The Končar class missile boat Šibenik has been overhauled with new turbine engines and radars and is due to remain in service until 2018-2020. The Kralj class vessels were planned to be extensively modernized at a price of €20 million, but as a result of the recent acquisition of Helsinki class boats, they will probably undergo just an overhaul and an engine replacement, believed to be worth around €5 million per each ship.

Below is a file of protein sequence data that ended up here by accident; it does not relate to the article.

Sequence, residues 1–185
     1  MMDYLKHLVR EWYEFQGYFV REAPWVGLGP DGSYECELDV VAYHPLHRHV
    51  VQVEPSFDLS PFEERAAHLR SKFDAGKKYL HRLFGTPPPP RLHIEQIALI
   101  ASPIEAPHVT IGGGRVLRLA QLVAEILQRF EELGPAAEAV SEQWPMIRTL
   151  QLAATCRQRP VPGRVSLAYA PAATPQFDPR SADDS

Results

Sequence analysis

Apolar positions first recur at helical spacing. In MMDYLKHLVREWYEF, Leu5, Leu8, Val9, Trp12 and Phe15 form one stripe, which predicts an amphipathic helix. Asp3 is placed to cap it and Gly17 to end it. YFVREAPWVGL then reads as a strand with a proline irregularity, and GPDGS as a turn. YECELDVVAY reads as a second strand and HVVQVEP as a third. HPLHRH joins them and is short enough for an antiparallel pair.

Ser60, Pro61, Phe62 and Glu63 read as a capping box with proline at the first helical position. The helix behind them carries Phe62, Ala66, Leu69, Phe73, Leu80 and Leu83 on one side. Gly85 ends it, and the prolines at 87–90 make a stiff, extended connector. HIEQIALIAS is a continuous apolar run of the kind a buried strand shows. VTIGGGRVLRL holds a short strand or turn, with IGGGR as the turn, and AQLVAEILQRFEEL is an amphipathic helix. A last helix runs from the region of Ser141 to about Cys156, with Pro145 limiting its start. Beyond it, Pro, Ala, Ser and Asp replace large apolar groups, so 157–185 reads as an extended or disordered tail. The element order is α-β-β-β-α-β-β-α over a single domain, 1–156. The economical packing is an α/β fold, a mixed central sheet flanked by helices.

Four patrol boats currently in service have been upgraded with new radars andstern anti-aircraft gun has been replaced with a hoist for a semi-rigid inflatable. These are to be augmented and eventually replaced by an entirely new class. Construction of the first out of the projected 5 vessels (more to follow later on) was scheduled to start in 2007, however the international tender for the construction of 1 + 4 vessels was published only on April 24, 2013. The tender calls for the acquisition of a total of 5 inshore patrol ship which are to be 42 meters long, with a displacement of roughly 220 tons and a maximum sustained speed of at least 28 knots. They are to be armed with a 30 mm Remote weapon station as their main armament along with two 12,7 mm heavy machine guns and a MANPADS launcher. The tender was in May 2014 and the construction of the first ship is to start in the last quarter of the same year. As projected, the first vessel is to enter service in 2015, the second one in 2016, the third and the fourth in 2017 and the last one in 2018. Units are projected to cost around 10 million euros respectively.[3]